When it comes to spells that a naughty fairy can impose on a person, a curse of obedience ranks pretty high on the pain spectrum. That’s what the title character is facing in Ella Enchanted by Karen Zacarias, now at Dobama Theatre. This adaptation of the eponymous book by Gail Carson Levine explains the Cinderella story by making it all about a spell cast by the fairy Lucinda, who clearly suffers from a form of attention deficit disorder.
This is what is currently called a “family” show, but in actuality it’s really a kids’ show, since there’s little in the script to keep adults engaged. I mean, the Cinderella folk tale is part of our DNA, and we don’t exactly need a two-hour show, with intermission, to lay out the storyline again.
Sensing this, director Nathan Motta has loaded this production with all kinds of staging twists (a new pathway around the audience, huge hallucinatory puppets), and powerful eye candy (gorgeous lighting by Marcus Dana, enthralling projections by T. Paul Lowry) to keep everyone on board. All this in the service of a story that swings wildly (a wedding of giants! an attack by ogres!) and doesn’t even get around to the fancy ball and the glass slipper until somewhere in hour two.
Even with all the production razzle-dazzle, Ella is saddled with some grindingly slow storytelling, with much of the dialog delivered at a snail’s pace so the kiddies don’t lose their place. And unlike many shows and films for kids that have subtle jokes placed in the script for the benefit of the adults in the audience who brought the little ones, there is little of that until the second act when an amusing Phantom of the Opera gag is finally trotted out.
The cast is strong in all the right places. As Ella, Natalie Green oozes innocence but also reveals a feisty streak as she tries to subvert her own obedience-imposed nature. Although the music by Deborah Wicks La Puma is mostly of the background variety, Green manages to infuse her songs with a sense of import.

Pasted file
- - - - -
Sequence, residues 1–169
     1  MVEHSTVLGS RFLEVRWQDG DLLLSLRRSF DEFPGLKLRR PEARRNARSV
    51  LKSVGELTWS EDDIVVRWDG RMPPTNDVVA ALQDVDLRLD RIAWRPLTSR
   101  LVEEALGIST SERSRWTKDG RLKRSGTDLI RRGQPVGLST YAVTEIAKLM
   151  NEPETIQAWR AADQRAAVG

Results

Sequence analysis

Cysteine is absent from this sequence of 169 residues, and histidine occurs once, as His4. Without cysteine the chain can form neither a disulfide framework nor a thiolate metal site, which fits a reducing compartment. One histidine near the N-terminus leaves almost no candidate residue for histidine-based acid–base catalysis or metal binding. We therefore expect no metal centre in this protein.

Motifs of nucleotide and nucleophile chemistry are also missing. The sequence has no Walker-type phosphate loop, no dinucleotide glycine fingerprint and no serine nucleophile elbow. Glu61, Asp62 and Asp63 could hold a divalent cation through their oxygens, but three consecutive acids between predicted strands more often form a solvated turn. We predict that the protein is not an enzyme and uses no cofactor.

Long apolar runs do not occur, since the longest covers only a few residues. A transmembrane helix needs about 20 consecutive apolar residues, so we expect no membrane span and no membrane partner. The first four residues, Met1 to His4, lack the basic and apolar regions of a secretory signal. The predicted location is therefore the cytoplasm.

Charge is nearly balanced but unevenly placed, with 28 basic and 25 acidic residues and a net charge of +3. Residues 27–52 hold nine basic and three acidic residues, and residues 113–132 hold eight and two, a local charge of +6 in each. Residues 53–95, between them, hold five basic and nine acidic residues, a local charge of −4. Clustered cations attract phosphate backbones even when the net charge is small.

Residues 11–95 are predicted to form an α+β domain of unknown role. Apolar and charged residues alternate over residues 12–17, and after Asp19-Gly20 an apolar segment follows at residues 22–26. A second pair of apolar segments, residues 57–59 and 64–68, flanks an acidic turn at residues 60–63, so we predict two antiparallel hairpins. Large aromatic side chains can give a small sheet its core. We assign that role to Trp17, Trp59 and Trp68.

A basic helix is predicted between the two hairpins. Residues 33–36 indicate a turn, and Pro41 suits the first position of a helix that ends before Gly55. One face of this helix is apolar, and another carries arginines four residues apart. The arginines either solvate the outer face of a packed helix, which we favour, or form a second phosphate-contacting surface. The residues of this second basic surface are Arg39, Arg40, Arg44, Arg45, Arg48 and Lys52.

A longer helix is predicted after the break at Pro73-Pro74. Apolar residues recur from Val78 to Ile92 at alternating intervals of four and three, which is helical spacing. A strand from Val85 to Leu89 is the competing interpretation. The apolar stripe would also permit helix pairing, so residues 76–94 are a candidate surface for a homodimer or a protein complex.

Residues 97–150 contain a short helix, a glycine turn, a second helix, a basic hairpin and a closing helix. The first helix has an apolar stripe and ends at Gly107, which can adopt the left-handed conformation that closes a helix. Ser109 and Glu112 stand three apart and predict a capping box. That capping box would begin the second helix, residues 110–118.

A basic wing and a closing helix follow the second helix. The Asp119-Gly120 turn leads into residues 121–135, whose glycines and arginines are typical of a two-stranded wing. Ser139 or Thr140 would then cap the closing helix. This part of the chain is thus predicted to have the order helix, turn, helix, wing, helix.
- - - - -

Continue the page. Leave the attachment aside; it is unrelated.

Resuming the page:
She is backed up well by Tina D. Stump who plays loopy Lucinda and a couple others, and Amy Fritsche who is double-cast as both Ella mother (who dies early, a la Bambie) and Ella’s mean stepmother Dame Olga. As for the evil stepsisters, they are given a Saturday Night Live turn echoing the way SNL embodies the grownup Trump sons. Kelly Elizabeth Smith is Donald, Jr. (er, Hattie) who never misses a chance to do something nasty, while Neely Gevaart as Olive is the sweet but clueless Eric, being led around by the nose.
Joshua McElroy makes for a very down-to-earth (and indeed, charming) Prince, but Eugene Sumlin seems to struggle a bit to find a hook for Sir Peter, Ella’s father. His connection to his daughter and infatuation with Olga never feel fully realized, even for a fairy tale.
Part of the weakness of the show is revealed in a curtain call mini-concert, when the actors throw off their character shackles and perform some rip-roaring contemporary tunes. This up-tempo and energized performance, while certainly enjoyable, has no organic connection to what went before and serves to point out how slow and strange some the previous two-plus hours had been.
This is an extremely slick and professional production on the surface, and the acting is certainly more than satisfactory. But a story that could have been told neatly and simply in an hour or so has been padded out, and the stuffing begins to leak out by the end.
Through December 30 at Dobama Theatre, 2340 Lee Rd., Cleveland Heights, 216-932-3396, dobama.org.